A short 539 pixel wide
history of humancalendar.com
Back in 2001 I created a website called humanclock.com. Since the Human Clock website represented time with pictures, I figured I could predictably milk the idea with slower-moving units of time — calendar dates. Sadly however, the calendar remained neglected. You see, the humanclock.com site was still in its infancy: tv/radio/newspaper interviews, late night coding sessions, cute girls asking me out (this was pretty neat), overloaded webservers, massive coffee consumption, that sort of thing.
Poor Human Calendar.
In early 2002, I set off to ride my bicycle around the continent of Australia. Somewhere in the middle of nowhere I was thinking about a lot of random things at once. Whatever day this was, I happened to be thinking about computers and a girl. Specifically, about the then-upcoming humanclock.com redesign and Marcia Brady. Where should I put the calendar on the clock site? What square did Marcia Brady occupy during the start of The Brady Bunch? Thoughts of "gridded people" and calendars meshed into one. Although I wrote most of the code in 2003, it still took another four years and several practice attempts to finish the Human Calendar.
All of the "models" are various friends of mine who happened to find themselves near my garage between April-July 2007, and later on during the Summer of 2011. Granted, most were lured with beer, food, lodging, or in one case...meat. Nearly everyone is from Portland, Oregon with the occasional person from Saipan or Sacramento thrown in for good measure. Some people are in bands, a couple are writers, one person was in an episode of Murder, She Wrote, while another person accidentally murdered Kelly Ripa's pet sea monkeys when she was 12.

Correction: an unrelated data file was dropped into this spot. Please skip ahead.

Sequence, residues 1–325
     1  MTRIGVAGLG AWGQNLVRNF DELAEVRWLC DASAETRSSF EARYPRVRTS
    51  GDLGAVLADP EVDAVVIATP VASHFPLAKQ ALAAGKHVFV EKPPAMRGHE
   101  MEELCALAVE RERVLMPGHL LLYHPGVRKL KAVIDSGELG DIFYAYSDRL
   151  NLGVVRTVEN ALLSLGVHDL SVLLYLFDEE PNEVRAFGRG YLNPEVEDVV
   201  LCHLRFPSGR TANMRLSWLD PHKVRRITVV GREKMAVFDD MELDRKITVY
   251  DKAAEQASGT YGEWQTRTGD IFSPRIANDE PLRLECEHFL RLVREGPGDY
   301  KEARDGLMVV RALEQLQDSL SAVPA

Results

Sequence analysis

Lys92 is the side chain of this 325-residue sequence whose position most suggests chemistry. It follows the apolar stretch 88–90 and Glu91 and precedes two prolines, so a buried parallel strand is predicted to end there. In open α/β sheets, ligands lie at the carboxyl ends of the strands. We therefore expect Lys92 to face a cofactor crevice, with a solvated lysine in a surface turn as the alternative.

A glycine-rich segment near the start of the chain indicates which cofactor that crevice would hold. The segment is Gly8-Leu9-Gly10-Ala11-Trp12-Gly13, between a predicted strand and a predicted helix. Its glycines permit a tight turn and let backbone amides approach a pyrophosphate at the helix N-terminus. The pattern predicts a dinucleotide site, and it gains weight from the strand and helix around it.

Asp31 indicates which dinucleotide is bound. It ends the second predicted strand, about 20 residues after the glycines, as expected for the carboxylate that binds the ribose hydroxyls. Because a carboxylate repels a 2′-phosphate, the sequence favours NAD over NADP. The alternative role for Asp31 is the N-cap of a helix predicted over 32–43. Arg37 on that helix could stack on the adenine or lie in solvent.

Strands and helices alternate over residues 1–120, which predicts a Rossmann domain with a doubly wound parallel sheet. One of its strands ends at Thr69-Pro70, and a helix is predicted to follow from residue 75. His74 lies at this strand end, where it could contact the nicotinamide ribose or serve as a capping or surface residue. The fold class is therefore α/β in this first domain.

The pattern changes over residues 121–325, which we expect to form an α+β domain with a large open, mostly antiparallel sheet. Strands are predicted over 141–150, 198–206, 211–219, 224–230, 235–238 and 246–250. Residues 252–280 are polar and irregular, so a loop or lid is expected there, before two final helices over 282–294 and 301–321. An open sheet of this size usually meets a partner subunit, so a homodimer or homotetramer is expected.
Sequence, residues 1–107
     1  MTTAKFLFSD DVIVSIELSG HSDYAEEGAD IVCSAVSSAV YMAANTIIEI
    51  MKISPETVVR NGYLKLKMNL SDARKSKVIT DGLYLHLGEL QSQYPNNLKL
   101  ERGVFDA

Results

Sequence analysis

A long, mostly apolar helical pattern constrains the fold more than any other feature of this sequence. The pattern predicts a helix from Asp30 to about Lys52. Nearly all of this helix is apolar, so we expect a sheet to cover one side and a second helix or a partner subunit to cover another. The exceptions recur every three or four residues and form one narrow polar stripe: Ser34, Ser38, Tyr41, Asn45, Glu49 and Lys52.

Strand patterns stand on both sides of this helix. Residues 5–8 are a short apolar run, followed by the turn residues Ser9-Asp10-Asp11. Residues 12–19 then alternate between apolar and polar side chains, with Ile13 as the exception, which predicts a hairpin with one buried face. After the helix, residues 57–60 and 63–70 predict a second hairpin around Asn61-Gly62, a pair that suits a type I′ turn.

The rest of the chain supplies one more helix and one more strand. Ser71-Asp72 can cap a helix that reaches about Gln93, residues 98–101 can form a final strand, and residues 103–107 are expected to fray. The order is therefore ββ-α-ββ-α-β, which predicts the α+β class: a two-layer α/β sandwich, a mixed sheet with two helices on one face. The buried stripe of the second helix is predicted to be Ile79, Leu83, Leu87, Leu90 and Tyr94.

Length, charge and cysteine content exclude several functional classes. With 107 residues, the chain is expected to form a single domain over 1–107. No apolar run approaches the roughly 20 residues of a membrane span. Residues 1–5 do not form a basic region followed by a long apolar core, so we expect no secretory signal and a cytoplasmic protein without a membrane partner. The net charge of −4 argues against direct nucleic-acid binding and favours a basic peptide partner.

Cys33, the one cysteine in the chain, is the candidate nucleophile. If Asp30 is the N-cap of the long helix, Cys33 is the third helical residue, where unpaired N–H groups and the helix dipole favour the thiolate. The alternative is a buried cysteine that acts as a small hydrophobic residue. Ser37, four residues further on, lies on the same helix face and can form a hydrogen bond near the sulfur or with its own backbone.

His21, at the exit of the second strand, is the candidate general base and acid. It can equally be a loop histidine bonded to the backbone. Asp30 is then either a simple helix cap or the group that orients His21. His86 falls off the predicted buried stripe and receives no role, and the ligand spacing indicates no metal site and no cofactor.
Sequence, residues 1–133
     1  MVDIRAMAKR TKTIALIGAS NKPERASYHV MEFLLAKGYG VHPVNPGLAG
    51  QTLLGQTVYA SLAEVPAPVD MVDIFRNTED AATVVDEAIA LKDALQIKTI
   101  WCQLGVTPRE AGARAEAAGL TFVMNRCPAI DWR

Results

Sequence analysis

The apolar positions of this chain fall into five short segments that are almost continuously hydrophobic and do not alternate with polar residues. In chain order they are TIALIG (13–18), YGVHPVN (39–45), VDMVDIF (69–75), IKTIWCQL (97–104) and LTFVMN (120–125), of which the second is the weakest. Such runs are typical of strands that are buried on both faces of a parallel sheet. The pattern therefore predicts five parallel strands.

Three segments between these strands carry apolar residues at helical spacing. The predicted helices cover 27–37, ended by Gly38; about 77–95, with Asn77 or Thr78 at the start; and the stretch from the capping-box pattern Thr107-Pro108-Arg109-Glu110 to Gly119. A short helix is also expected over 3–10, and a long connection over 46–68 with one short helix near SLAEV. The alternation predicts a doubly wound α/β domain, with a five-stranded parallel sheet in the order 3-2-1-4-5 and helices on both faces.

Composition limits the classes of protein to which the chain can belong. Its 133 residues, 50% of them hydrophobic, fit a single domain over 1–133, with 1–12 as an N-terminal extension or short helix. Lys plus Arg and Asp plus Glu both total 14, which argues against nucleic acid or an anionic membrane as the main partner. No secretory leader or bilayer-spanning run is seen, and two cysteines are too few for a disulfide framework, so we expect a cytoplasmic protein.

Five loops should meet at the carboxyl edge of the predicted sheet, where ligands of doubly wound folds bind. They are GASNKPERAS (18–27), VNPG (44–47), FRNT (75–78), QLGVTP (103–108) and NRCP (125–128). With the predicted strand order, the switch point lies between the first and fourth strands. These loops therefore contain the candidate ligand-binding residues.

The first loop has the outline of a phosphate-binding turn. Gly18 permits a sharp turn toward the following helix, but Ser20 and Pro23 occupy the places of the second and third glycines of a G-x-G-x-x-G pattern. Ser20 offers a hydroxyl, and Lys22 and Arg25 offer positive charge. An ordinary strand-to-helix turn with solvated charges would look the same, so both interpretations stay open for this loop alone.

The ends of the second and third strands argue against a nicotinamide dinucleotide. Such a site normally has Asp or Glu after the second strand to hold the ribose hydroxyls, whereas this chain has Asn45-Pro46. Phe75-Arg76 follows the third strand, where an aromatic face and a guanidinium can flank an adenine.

A major update to the site was done in October 2011. Gone was the putrid green background color...that was replaced with an equally putrid yellow color. One of the most noticeable changes is that the calendar became "animated". You can click on the people or bump them with your mouse pointer, they'll react and do stuff now.
Some new folks were added to the calendar. Some were random people off the internet, some are friends that missed out the first time, while others are in playing in travelling bands. The other big change is that people could finally submit photos to humancalendar.
There are about 13,000 photos that make up all the images on the calendar. Some of the leftover photos are on this page, if you keep reloading this page you can see even more photos.
Human Calendar is a ® of Craig Giffen, how posh.
Things are all © 2007-2011.